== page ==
Recently inspected an attic with ridge, soffit and gable vents. The gable vents were partly open. Someone had cut a few holes in the osb during construction. My question: Should the gable vents be opened or left closed? Seems I read (and can’t find it now) that the gable vents will interfere with the air flow of soffit to ridge. Any thoughts?
I feel that with fully open and functioning ridge and soffit vents that the gable vents should be closed. BUT…the key is are the ridge and soffit actually installed and working properly. I am careful about telling a client to close a gable vent is there are no signs of any ventilation related issues…no premature thermal deterioration of the shingles, no evidence of ice formation, no visible signs of trapped moisture. If all looks good is it really necessary to close off a partial gable vent? I guess the answer is “home” specific…what did you see is really the key.
The gable vent is mostly closed. My original thought was that it should be opened. House is only about 7 years old. No signs of shingle issues or attic issues. No moisture issues.
But I have read since that a gable vent can be the source of air for the ridge vent, hindering airflow from the soffit. The inspection was over 6 months ago and the owner is just now making the few repairs.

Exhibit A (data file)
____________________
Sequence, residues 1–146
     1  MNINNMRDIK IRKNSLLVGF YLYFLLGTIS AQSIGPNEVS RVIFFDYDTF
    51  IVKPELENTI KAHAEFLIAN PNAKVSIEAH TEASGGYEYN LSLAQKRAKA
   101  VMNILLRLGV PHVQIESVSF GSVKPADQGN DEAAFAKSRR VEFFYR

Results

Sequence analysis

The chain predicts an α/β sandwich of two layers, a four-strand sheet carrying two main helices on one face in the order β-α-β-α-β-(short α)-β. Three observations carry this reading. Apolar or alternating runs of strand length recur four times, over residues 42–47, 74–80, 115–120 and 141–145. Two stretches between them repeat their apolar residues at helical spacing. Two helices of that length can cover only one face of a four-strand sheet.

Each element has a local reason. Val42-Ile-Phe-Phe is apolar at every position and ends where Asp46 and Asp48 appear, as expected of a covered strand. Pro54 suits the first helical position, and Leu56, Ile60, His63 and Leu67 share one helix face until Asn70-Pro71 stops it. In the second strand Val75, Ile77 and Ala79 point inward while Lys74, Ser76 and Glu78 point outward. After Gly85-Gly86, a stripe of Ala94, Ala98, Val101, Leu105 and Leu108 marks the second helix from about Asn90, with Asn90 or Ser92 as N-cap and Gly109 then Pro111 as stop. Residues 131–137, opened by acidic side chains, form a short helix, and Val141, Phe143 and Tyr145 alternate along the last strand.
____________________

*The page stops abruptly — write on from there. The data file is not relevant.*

has anyone ever scientifically documented an over ventilated attic?
“short circuit” is a theory that doesn’t have enough supporting data for me to recommend/report anything other than the amount & type of ventilation present and apparent function
With that said and assuming the soffit and ridge are functioning I would make no recommendation regarding the gable vent as it is only partially open. I see no reason to open the gable vent. Just my thoughts.
It isn’t broke why fix it.
What was the configuration of the roof… ie intersecting roof planes creating a dead air pocket… that the few cut holes may have been added to create circulation in those areas that the soffits are not ventilating enough?
Good call. There are some different planes. However, knowing the contractor that originally built the house, I doubt those steps were taken. Original owner has not had any work performed.
Thanks for the thoughts!
Personally I think the more venting the better, but the catch is that it has to be somewhat balanced between ridge and soffit. My local codes wants a 50/50 split of the NFVA between ridge and soffit, but allows for up to 25/75.
If the soffits are wide open I don’t think ridge + gable vent is going to hurt. I wouldn’t bother with both if it was new construction but I also wouldn’t remove the gable on existing.
There have been a couple roof replacement projects I’ve worked on where the attic is large enough that a typical ridge vent cannot provide enough venting, so we added additional square vents near the peak to balance everything out.